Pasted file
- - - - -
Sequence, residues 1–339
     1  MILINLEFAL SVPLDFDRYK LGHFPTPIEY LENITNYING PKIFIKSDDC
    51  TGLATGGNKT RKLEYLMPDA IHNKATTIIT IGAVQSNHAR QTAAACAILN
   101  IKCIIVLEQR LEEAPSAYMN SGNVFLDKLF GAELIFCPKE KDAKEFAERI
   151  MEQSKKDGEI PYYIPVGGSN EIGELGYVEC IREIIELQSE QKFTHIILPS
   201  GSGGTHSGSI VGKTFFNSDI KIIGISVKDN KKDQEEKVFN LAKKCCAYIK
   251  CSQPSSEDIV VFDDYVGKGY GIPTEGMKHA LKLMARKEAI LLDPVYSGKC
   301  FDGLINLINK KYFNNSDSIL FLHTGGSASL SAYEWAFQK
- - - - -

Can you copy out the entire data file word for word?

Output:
Sequence, residues 1–339
     1  MILINLEFAL SVPLDFDRYK LGHFPTPIEY LENITNYING PKIFIKSDDC
    51  TGLATGGNKT RKLEYLMPDA IHNKATTIIT IGAVQSNHAR QTAAACAILN
   101  IKCIIVLEQR LEEAPSAYMN SGNVFLDKLF GAELIFCPKE KDAKEFAERI
   151  MEQSKKDGEI PYYIPVGGSN EIGELGYVEC IREIIELQSE QKFTHIILPS
   201  GSGGTHSGSI VGKTFFNSDI KIIGISVKDN KKDQEEKVFN LAKKCCAYIK
   251  CSQPSSEDIV VFDDYVGKGY GIPTEGMKHA LKLMARKEAI LLDPVYSGKC
   301  FDGLINLINK KYFNNSDSIL FLHTGGSASL SAYEWAFQK